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Thanks to the Sun’s Rick Maese, I had to re-write this column today. Seems that we were on the same train of thought when it comes to Roger Goodell.
I too had to wonder how he may have dealt with Ray Lewis after the murder trial was plea bargained. Goodell’s no-nonsense approach may have changed history here in Baltimore. Goodell’s style may also have impacted Jamal Lewis differently and even Chris McAlister may have been dealt with more sternly during his tumultuous years.
Samari Rolle’s domestic issues could have been penalized more severely and who knows how B.J. Sams will ultimately be dealt with.
But back to Ray, we all have our suspicions and theories about what happened that January 2000 night in Atlanta. Something very ugly went down. Maybe Ray had some unfamiliar acquaintances hanging around with him. You know the type that wants to be seen with a celebrity because he or she yearns for those morsels of celebrity perks.
And maybe they had a few drinks and things got out of hand.
In the heat of the moment Ray may have panicked. In a flash all that he had done to get to where he was in life at that point was in jeopardy. The promises he made to his Mom, his friends were about to be broken. The home that he delivered to his Mom — snatched by the darkness and violence of that chilly evening.
And so they flee.
A little time goes by and with it more lucid thoughts arrive. Ray eventually chooses to do the right thing and while he is guilty of obstructing justice according to the law, perhaps what he really did was nothing different than any of us would have done in that situation — make a bad decision fueled by fear. Fueled by an opportunity cost that most of us couldn’t imagine.
Since that night Ray Lewis has removed himself completely from social settings that could even remotely place him in a situation like the one in Atlanta. He has been a model citizen and he has been active in the community with children. He learned his lesson and he’s even helped the families of the two victims of that double murder.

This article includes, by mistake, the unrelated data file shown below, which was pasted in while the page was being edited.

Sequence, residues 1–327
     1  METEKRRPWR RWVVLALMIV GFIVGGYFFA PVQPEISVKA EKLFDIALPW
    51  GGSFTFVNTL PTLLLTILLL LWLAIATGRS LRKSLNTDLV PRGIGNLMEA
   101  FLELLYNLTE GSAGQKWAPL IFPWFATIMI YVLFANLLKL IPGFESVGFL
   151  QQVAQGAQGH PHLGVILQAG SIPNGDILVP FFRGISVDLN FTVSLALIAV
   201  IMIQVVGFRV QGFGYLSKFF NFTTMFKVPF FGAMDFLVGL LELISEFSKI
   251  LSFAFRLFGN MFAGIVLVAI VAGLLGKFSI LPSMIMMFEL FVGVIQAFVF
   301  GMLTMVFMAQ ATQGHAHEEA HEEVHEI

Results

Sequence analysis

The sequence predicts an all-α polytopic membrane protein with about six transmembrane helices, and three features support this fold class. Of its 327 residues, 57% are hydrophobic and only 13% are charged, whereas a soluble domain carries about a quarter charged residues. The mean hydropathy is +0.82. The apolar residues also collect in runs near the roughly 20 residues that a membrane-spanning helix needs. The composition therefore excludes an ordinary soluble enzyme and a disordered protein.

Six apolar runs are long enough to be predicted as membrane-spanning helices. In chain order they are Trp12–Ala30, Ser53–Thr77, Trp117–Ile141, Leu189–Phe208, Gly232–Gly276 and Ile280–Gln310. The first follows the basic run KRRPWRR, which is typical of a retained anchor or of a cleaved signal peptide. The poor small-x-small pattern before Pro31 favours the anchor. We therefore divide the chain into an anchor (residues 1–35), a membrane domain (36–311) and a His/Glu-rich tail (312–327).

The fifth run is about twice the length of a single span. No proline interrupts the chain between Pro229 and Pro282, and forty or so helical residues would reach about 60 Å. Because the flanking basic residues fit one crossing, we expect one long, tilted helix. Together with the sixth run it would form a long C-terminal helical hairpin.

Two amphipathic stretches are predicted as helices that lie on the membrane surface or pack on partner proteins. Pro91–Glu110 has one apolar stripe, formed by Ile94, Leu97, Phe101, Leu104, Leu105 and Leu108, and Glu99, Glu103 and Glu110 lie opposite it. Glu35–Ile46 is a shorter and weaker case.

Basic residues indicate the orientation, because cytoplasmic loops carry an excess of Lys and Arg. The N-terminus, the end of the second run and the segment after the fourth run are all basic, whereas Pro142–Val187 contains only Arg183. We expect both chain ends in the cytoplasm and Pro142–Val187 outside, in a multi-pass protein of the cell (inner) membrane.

Yet some here in town jokingly refer to him as a murderer while many in other cities flat out perceive him as one.
And that’s a label he may never shake.
Ray Lewis is a man who today professes deep religious and spiritual convictions. Yet some wonder if his passion is sincere. Their opinions are tainted by the reputation of double murderer.
Imagine if everything you did was scarred by a dreadful mistake — a mistake that any of us could have made under the influence of fear.
Of course the logical thing to say is to never put yourself in situations like Ray did that night. But who among us hasn’t done something that is shameful?
We’ll never know how Roger Goodell may have dealt with Ray’s situation nor will we ever know how such a decision may have changed NFL history and certainly the history of Baltimore sports. Yet it’s safe to say that the new sheriff in town has little tolerance for nonsense and repeat offenders like Pacman Jones and Chris Henry better take a hard look at how Ray Lewis has matured after staring his personal abyss squarely in the face.
Clearly the potential for Goodell’s wrath will affect how teams build their rosters. After all, the salary cap provides no exemptions for habitual thugs. 
Just ask the Titans and Bengals.
Article first appeared on April 13, 2007

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Tony Lombardi

About Tony Lombardi

Tony is 24×7 Networks, LLC’s founder (the parent of EutawStreetReport.com and RussellStreetReport.com) His work has been featured on various sports websites and he is a regular guest on 105.7 The Fan and he hosts “The Fanimal” also heard on 105.7 The Fan, Saturdays from 8-9AM. Among his favorite things in life are his wife, kids, family, friends, The Beatles, Breaking Bad, Gladiator, The Godfather, Guinness, orange crushes, meatballs and Key West, not necessarily in that order. Follow Tony on Twitter @RSRLombardi.

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